LG (SEO: 066570) is the third largest handset maker worldwide, but it is falling behind rivals as it fails to keep up with the pace of smartphone innovation. In the second quarter, LG marketshare dropped to 9 percent from 10.7 percent in the year-ago period, despite focusing on the high-volume, yet low-end part of the market. Worse yet, Gartner said LG’s average selling price per device fell 27.8 percent. But the South Korean giant is determined to do something about it, and plans to launch 10 more smartphones and a tablet by the end of the year, reports the WSJ.
The first LG tablet will run on Google’s Android OS and will be released under the company’s Optimus line. The defining feature will be the tablet’s ability to help create content rather than simply display it, Chang Ma, VP of marketing for LG’s mobile-devices told the WSJ.
Apple’s iPad is often criticized for not being useful enough. While it’s good for reading books or magazines and surfing the internet, it’s not great for responding to e-mail, creating documents or tweaking PowerPoint presentations. And since it can’t replace the laptop, most business travelers say they leave it at home. No word on whether the tablet would be released through a carrier; however, Ma did say the U.S. would be a key market, and was comfortable making this bold statement: “Our tablet will be better than the iPad.”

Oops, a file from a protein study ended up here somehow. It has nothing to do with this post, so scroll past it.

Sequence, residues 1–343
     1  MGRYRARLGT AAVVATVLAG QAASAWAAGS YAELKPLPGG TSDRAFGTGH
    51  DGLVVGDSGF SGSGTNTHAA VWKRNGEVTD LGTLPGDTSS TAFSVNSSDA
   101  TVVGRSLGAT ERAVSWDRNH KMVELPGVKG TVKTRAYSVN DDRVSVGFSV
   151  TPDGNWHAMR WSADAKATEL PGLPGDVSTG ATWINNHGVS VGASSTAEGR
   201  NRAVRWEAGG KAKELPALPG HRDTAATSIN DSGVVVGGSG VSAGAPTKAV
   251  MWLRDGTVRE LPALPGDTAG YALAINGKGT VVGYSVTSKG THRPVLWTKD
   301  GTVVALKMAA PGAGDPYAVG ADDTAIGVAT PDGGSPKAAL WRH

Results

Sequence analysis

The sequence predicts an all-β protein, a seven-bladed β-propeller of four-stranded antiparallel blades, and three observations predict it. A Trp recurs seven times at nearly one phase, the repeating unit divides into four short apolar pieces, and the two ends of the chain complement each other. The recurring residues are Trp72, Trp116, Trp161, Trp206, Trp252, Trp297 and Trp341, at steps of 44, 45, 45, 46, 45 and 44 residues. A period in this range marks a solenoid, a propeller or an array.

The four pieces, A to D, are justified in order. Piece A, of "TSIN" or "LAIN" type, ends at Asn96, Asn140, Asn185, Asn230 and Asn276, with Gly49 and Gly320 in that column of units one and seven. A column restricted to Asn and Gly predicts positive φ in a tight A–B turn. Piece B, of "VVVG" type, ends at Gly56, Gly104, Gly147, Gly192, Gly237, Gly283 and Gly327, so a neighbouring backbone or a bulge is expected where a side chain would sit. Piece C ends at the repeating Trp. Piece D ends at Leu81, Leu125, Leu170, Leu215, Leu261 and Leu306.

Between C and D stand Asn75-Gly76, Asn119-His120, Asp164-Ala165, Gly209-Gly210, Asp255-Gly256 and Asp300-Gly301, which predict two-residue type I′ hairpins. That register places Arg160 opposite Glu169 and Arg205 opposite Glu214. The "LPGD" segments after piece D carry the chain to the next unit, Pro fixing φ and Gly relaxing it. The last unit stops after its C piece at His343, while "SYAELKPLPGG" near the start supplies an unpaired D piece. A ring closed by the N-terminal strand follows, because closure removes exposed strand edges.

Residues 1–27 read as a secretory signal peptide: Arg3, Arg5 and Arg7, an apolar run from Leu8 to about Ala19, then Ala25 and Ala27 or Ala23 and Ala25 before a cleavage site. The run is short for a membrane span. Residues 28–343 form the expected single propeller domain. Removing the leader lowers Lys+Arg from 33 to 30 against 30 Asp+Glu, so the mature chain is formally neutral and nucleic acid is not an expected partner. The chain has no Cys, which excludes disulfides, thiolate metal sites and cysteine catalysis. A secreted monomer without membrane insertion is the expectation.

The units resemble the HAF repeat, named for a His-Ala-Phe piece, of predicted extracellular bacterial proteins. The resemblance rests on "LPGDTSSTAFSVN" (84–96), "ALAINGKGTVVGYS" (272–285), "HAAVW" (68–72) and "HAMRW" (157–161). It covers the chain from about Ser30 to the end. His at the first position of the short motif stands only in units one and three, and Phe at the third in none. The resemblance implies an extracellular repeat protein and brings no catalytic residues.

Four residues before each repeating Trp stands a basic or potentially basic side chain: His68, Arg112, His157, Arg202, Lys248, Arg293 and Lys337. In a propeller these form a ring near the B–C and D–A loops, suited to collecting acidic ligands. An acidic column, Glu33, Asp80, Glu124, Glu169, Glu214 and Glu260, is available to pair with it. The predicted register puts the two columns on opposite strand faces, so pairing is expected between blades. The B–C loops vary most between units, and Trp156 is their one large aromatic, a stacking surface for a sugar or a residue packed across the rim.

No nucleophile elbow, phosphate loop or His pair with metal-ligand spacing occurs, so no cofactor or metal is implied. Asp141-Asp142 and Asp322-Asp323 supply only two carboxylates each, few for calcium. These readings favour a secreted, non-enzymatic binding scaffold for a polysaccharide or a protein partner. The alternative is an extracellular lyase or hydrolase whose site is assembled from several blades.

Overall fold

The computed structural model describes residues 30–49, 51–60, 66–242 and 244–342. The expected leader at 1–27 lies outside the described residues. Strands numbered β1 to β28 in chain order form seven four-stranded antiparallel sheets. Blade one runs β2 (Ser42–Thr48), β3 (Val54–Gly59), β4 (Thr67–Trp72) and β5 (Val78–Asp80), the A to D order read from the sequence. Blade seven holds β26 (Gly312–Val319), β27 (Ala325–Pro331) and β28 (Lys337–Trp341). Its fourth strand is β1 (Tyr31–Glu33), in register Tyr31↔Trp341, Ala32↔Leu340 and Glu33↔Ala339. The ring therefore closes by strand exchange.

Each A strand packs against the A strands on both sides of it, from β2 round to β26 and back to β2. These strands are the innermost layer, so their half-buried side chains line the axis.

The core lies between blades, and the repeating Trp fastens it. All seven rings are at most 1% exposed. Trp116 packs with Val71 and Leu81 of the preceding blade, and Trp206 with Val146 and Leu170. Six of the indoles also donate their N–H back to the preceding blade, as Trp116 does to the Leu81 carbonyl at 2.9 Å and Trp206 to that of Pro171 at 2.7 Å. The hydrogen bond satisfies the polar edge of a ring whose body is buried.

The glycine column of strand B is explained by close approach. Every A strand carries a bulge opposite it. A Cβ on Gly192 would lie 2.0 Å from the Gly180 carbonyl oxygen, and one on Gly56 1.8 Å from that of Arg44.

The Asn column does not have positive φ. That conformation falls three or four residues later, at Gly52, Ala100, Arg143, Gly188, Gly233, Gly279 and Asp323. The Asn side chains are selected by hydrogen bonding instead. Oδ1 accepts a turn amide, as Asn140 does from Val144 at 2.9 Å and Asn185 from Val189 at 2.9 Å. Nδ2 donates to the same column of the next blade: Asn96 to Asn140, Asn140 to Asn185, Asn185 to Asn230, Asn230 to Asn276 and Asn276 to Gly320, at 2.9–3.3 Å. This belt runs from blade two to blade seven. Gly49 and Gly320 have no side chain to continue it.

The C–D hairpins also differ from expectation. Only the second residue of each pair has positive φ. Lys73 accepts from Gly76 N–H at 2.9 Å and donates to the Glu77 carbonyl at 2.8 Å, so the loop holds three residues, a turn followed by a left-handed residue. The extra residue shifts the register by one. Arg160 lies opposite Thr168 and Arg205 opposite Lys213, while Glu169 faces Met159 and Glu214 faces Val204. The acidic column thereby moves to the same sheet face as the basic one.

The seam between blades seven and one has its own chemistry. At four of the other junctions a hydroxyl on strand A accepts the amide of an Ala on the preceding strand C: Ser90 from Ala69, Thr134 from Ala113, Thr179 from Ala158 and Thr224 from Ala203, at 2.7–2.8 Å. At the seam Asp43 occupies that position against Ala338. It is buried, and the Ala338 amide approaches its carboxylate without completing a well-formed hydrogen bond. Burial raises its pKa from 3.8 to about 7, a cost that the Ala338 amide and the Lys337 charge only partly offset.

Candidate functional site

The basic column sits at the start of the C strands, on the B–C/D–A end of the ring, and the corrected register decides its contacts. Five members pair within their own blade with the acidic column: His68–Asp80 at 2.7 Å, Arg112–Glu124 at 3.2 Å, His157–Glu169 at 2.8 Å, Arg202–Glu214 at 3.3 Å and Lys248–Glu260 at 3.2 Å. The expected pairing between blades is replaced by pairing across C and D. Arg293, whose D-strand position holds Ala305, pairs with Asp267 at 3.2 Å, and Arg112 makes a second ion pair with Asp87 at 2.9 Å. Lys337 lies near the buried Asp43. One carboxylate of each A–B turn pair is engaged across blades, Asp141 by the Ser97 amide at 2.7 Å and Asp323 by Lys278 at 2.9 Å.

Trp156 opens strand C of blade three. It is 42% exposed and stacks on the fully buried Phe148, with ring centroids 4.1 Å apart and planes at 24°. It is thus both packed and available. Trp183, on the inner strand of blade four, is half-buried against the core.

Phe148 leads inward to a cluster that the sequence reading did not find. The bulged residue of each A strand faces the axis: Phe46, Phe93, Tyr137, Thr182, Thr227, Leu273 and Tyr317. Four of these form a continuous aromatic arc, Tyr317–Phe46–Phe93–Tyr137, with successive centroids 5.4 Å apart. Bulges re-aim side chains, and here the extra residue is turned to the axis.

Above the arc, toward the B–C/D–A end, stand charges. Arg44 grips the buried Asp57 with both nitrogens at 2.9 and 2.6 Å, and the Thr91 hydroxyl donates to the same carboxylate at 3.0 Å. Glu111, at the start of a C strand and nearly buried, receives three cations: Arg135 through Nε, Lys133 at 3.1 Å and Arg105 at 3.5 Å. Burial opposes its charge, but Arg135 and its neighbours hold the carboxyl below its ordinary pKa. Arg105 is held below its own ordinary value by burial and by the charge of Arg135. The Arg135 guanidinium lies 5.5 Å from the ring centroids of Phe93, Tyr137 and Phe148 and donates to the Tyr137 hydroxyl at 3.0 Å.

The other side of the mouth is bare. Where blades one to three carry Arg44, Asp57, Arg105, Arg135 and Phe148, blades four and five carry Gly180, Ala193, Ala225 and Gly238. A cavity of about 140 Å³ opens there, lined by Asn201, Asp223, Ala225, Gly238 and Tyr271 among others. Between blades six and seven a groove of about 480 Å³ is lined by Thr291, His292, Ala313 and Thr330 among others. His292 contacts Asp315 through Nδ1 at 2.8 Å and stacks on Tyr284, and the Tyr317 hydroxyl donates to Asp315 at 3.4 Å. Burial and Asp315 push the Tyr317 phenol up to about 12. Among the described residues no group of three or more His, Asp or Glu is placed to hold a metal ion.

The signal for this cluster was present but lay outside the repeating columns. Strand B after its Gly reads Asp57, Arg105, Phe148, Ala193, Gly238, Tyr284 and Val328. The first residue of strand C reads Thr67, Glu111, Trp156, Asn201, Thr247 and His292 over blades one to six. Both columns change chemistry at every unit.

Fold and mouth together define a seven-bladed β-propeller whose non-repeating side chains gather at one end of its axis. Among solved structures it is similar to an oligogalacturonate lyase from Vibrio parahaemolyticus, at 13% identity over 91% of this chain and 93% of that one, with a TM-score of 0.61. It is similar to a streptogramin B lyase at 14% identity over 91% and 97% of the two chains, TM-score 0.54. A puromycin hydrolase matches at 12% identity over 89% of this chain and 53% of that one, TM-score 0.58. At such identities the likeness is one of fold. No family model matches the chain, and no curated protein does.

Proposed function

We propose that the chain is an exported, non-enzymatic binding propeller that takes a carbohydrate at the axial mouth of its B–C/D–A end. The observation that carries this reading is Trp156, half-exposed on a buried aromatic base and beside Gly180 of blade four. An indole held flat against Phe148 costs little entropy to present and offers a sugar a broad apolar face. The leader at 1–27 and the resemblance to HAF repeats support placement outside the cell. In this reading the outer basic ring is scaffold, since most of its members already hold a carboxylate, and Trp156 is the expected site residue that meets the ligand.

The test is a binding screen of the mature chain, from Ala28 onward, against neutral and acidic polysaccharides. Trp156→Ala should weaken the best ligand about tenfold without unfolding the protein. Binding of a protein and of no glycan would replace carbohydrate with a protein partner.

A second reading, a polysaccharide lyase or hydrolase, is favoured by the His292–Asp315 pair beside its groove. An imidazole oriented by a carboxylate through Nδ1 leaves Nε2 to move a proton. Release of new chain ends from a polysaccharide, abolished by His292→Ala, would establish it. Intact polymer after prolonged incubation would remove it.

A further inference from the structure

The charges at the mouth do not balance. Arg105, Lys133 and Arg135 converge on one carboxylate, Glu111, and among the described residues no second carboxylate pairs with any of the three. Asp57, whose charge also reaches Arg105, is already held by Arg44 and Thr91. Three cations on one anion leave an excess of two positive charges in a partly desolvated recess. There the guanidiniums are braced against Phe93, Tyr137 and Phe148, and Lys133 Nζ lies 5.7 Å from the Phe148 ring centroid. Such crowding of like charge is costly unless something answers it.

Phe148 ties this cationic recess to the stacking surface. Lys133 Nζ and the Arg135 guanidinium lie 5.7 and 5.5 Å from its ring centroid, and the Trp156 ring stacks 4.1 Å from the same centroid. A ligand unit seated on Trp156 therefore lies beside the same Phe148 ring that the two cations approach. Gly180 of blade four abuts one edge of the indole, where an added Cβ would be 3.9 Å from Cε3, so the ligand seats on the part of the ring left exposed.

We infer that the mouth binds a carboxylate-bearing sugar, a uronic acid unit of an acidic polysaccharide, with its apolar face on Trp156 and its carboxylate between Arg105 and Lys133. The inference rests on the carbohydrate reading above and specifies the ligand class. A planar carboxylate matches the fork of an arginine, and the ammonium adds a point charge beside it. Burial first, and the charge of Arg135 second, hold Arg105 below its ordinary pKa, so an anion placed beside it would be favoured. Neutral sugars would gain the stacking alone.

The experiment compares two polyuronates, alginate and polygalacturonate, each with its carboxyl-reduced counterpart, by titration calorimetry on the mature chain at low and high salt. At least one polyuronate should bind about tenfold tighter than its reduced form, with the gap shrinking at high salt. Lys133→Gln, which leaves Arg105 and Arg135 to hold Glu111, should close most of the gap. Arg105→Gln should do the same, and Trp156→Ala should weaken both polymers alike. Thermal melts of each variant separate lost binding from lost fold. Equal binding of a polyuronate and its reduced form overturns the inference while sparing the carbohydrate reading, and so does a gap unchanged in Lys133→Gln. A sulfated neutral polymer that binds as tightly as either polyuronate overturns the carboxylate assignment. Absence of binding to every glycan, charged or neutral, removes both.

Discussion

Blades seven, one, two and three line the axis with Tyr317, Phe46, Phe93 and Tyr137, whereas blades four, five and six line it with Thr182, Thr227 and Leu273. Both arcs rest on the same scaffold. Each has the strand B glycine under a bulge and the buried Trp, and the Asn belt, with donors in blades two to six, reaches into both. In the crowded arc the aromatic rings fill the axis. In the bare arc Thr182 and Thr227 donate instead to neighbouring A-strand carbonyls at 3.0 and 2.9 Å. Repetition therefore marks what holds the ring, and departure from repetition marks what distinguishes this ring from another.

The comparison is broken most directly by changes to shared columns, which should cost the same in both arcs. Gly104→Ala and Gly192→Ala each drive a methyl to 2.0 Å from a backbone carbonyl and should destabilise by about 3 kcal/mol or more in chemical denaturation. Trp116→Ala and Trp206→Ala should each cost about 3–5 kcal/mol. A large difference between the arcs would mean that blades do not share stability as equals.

As for the company’s smartphone strategy, it plans to start off slowly by making low-end devices that first-time smartphone adopters would be comfortable using. That means, the hardware specs could be unimpressive, but that will change over time, too. LG plans to follow-up with aggressive roll-outs with 4G phones, using LTE, next year.
LG might have starting falling behind in the smartphone race when it placed its bets on Microsoft’s Windows Mobile. Early last year, Microsoft (NSDQ: MSFT) said LG was committing to developing 50 new Windows Mobile phones by the end of 2012 and both companies — Microsoft and LG — were increasing their investment in Windows Mobile five-fold. However, later that year, LG hedged its bets and launched its first Android-based phone, and those dozens of Windows Mobile phones became nearly non-existent.
At CTIA earlier this year, we noticed that LG didn’t have even one Windows Mobile phone on display at its booth, although LG still remains one of Microsoft’s launch partners for the new platform coming out later this year.